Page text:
• The Gaiety Theatre and the Villa Marina are popular venues for all manner of stage acts - from rock music to comedy to drama to ballet. The Gaiety Theatre is one of the best surviving examples of the work of Frank Matcham and dates from 1900. Both venues have recently undergone extensive renovations.
  • The award-winning Manx Museum in Kingswood Grove is a treasure house which contains many of the most important cultural artefacts relating to the Manx nation. Some of the highlights include the Calf of Man Crucifixion Stone, the Pagan Lady's necklace from the Viking excavations at Peel Castle, and the largest collection of Archibald Knox materials. It also houses the National Art Collection, and the National Archives.
  • The Jubilee clock is a street clock built in 1887 in commemoration of the Golden Jubilee of Queen Victoria's reign. It is located at the foot of Victoria Street and Loch Promenade. The location also marks one terminus of the Upper Douglas Cable Tramway
  • Other buildings of interest include Isola restaurant, in John Street, and the Douglas Hotel, on the North Quay, both merchants' houses from the mid-eighteenth century; The Castle Mona (formerly the Quality Hotel), a magnificent seaside mansion built by John Murray, 4th Duke of Atholl in 1804, currently awaiting refurbishment; and the Loch Promenade, a magnificent curving terrace of former boarding houses dating from the 1870s. Douglas is becoming increasingly renowned as it saw the first architectural essays of the Arts and Crafts architect Baillie Scott.
  • The breakwater extension which was completed in 1983 was opened by Princess Alexandra and built outside the existing smaller one, which carried a rail-mounted crane
  • The Sunken Gardens on Loch Promenade were created as a result of the widening of the promenade at the turn of the twentieth century. A construction line was installed for this task.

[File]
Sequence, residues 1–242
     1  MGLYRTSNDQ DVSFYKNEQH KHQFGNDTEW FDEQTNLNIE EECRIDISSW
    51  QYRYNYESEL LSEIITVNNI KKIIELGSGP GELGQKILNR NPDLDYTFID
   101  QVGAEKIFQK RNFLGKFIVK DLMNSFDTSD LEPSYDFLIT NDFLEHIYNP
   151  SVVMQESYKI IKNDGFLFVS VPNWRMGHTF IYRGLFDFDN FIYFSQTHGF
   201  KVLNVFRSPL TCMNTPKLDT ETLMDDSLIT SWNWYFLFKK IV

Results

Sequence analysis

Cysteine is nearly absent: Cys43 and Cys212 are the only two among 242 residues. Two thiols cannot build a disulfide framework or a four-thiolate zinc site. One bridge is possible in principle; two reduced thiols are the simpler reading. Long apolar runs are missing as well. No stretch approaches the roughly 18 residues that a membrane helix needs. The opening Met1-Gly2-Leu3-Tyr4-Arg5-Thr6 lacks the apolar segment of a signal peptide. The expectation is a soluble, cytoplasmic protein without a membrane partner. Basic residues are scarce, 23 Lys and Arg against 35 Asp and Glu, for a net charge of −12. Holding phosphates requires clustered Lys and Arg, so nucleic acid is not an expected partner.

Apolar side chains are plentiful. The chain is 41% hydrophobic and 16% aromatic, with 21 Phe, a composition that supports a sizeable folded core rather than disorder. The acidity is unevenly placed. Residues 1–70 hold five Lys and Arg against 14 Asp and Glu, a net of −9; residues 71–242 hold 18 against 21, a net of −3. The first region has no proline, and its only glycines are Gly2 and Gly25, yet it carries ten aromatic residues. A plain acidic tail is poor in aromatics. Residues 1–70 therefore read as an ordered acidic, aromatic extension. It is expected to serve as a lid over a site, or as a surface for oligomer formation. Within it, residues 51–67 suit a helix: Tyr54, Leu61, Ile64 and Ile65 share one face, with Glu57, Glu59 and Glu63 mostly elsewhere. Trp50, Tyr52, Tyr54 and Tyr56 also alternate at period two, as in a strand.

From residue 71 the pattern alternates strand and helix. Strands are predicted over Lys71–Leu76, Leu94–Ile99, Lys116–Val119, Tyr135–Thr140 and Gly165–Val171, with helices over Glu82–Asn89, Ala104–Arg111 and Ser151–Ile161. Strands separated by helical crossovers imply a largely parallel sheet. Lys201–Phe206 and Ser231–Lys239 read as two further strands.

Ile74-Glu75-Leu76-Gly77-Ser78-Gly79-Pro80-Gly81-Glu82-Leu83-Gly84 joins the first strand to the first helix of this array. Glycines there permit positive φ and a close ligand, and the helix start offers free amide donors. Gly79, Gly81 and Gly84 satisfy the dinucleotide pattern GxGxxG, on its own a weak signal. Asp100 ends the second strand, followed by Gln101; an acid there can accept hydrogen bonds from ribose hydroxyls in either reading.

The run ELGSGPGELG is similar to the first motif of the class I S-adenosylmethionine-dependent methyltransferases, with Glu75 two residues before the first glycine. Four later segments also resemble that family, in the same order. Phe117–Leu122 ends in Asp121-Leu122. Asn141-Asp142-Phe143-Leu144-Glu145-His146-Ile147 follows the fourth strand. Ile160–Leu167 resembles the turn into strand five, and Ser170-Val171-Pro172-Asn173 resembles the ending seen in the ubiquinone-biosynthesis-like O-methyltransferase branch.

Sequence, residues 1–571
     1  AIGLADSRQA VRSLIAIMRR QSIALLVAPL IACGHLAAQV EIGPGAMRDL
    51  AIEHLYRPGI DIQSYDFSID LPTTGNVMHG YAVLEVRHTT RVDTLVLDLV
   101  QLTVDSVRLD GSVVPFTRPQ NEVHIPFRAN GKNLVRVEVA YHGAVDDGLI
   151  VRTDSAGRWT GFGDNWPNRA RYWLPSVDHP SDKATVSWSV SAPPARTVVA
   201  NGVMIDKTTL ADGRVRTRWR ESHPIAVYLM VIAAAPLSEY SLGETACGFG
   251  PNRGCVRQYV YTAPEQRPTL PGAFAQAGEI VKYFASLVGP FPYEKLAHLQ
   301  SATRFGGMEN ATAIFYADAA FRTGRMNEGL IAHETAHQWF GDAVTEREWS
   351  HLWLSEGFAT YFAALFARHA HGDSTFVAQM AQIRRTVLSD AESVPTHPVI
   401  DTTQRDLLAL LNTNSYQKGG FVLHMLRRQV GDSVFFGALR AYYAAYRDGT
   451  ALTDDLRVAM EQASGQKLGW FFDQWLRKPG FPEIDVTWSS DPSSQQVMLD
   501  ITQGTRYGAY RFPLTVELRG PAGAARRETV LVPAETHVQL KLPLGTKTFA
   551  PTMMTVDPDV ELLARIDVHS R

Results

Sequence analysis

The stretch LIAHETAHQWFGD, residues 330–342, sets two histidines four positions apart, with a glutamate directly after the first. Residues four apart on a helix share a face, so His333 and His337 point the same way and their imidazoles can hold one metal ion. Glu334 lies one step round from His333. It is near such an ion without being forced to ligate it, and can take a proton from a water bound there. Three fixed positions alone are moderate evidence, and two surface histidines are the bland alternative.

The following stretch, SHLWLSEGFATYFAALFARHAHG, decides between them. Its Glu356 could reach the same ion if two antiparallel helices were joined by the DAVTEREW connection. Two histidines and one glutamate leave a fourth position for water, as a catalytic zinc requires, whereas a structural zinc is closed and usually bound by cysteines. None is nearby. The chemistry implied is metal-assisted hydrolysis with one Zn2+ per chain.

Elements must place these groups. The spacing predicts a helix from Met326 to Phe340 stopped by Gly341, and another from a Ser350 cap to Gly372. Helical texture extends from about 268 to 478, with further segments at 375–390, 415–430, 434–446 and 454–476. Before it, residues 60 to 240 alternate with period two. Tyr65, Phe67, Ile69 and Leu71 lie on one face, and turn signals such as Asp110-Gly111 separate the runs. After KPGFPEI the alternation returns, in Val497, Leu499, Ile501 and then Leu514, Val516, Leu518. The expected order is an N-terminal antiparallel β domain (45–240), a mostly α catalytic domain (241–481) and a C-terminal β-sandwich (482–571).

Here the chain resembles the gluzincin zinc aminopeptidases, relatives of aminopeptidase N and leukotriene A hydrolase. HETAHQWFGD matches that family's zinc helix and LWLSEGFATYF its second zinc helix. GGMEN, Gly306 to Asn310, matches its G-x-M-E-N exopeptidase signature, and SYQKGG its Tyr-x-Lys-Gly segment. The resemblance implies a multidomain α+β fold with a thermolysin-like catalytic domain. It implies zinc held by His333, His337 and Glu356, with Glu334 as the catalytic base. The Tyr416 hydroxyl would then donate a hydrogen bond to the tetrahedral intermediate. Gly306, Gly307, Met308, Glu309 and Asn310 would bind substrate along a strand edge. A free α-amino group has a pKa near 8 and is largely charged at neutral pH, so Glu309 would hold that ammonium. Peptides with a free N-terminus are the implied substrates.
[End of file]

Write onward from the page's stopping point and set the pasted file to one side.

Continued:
Douglas has a number of attractions and items of interest:

An illustration depicting Douglas Arts & Culture Quarter
Douglas during the TT Races
A horse tram passes a pedestrian crossing on Douglas promenade


Today, Douglas is home to two high schools; Ballakermeen High School and St. Ninian's High School and numerous primary schools. Isle of Man College and the International Business School are also located in Douglas.

Another notable Master of the Grammar School was Rev. Philip Moore (1705–1783) who was a native of the town, his father Robert Moore having been one of the "Undertakers" who organised the construction of St Matthews,[33] and his mother Miss Katherine Kelly. Moore was appointed Master in 1735, and was reckoned to be a good classical scholar, and have "an inherent love of teaching".[34]

The more formal history of education in the town begins with Bishop Thomas Wilson's establishment of the Douglas Grammar School. Alderman William Dixon (a native of Douglas, but resident in Dublin since at least the 1680s[30]) agreed to hand over his parent's former home, and passed over the New Bond Street property in 1714. The Bishop raised an endowment of £500 (Irish currency), half being funded by the Barrow Trustees, most of the balance being provided by the Bishop's Douglas relatives, the Murrey family.[31] Even after this, the mastership of Douglas Grammar School continued to be combined with the Chaplaincy, now of the new Chapel of St Matthew. Details of the building of the original Grammar School are sparse, but it seems that William Murrey was deeply involved, retaining the use of the capacious storage vault under the school in lieu of repayment of £150 costs.[32]

Seafront, Douglas

References to education in Douglas begin in the late seventeenth century, with mention of the schoolmastership, usually combined with the Chaplaincy of Douglas, and reference to a "petty school" in 1675.[26] William Walker (1679–1729) was appointed to the mastership in 1700,[27] school being probably kept in the old Chapel, (in later Heywood Place.[28]) Later being promoted Rector of Ballaugh, and the recipient of an honorary Doctorate, Walker is now remembered in his mother's Manx Gaelic lament on her sons: "Illiam Walker as Robin Tear".[29]


The Isle of Man census 2011 lists the population of Douglas as 27,938, increased from a population of 25,347 in 2001. The town has 33.06% of the island's total population of 84,497.[25]


On average, 14.5 days of air frost is recorded in Ronaldsway [22] for the period of 1981-2010. The lowest temperature recorded in Ronaldsway is −9.1 °C (15.6 °F)[23] recorded in December 1961. For the period of 1981-2010, the lowest temperature of the year reaches an average of −3.4 °C (25.9 °F)[24]

The weather reporting station closest to Douglas is the coastal weather station at Ronaldsway about 7 miles (11 km) south-west of Douglas. The highest temperature recorded in Ronaldsway stands at 28.9 °C (84.0 °F),[19] Recorded on July 1983. On average, a temperature of 25 °C (77 °F) is recorded 0.8 days per year [20] at Ronaldsway (1981-2010) and the highest temperature of the year reaches an average of 24.1 °C (75.4 °F).[21]